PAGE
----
Between 250 and 300 asylum seekers slept outside the overcrowded refugee reception centre in Ter Apel on the evening of Saturday, the 16th of July.
The NOS states that, according to the Central Agency for the Reception of Asylum Seekers (COA), the number of refugees sleeping outside the reception centre is the highest in years.
On the afternoon of the 16th, a significant number of asylum seekers had already been taken to other locations, reports the Dagblad van het Noorden. However, once evening fell, it became clear that many more asylum seekers had arrived on the premises, resulting in a high number of people sleeping outside.
While COA initially estimated that some 100 asylum seekers would have to sleep outside, the actual count had clearly grown to triple that number.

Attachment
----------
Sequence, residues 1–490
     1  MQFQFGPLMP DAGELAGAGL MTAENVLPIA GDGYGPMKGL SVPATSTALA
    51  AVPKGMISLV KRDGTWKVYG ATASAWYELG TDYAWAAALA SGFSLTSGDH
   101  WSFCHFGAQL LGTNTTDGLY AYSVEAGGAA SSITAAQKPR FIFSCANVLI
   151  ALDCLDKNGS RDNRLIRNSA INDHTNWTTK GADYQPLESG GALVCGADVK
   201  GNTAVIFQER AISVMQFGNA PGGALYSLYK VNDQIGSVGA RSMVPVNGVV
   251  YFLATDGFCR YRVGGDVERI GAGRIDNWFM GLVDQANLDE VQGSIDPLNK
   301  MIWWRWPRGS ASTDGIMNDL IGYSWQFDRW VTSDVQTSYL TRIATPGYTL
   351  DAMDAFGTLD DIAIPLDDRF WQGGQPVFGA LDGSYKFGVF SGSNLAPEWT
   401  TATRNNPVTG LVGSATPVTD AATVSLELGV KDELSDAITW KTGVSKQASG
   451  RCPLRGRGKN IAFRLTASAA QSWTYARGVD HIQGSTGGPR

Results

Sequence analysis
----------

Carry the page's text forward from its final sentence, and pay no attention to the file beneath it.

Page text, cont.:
The following night on the 17th of July threatened to repeat the situation, but fortunately, temporary accommodations were arranged in time to provide shelter for all the asylum seekers outside the reception centre, reports COA.
As has been the case in the past, many of the asylum seekers chose to sleep outside the reception centre out of fear of missing appointments for interviews the next day. Unlike previous occasions wherein around 30 asylum seekers decided to sleep outside, this time the number has clearly ballooned out of control.
According to Trouw.nl, the situation on-site has deteriorated significantly, with “trash, and uncleaned toilets” interspersed in the fallout. In addition, with only 30 people allowed within the centre at a time, desperate asylum seekers are forced to push past one another in a bid to enter the building.
An unnamed spokesperson for the Dutch Council of Refugees has called the situation a “sad low point,” in the refugee reception crisis. According to the Council, the groups of refugees outside the reception centre will only grow in the coming weeks.
The Dutch Council for Refugees, according to the NOS, requests that State Secretary Van der Burg make a bid to hasten legislation so that municipalities are required to arrange new reception locations.
You can follow our initial coverage of the Ter Apel crisis, here.